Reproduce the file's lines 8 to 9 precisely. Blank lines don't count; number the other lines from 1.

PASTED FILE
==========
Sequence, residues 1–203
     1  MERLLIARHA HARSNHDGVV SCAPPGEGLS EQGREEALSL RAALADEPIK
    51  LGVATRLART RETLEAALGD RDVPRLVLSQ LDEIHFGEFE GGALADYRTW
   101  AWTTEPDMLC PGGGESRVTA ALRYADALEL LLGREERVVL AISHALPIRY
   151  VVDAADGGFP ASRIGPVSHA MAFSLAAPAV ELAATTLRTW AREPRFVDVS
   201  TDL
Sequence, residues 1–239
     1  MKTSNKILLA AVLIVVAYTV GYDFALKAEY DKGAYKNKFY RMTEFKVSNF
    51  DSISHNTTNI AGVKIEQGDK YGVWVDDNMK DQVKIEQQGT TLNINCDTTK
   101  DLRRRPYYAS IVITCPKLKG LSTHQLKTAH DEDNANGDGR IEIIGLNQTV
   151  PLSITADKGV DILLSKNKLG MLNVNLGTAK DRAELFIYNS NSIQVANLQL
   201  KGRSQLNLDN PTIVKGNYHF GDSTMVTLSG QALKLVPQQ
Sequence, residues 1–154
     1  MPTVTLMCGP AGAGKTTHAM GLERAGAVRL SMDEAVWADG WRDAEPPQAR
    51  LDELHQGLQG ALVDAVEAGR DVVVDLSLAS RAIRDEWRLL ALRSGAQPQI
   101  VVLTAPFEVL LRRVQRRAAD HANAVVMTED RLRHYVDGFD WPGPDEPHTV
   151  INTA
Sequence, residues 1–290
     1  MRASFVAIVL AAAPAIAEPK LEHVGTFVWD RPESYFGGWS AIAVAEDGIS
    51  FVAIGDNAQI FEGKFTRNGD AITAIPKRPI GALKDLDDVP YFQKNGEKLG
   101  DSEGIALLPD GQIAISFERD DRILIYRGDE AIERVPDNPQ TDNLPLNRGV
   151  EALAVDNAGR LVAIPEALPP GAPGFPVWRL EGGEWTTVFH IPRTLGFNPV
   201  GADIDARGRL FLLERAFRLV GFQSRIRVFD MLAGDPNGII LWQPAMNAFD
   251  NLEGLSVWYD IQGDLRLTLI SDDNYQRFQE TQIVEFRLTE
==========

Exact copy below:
     1  MKTSNKILLA AVLIVVAYTV GYDFALKAEY DKGAYKNKFY RMTEFKVSNF
    51  DSISHNTTNI AGVKIEQGDK YGVWVDDNMK DQVKIEQQGT TLNINCDTTK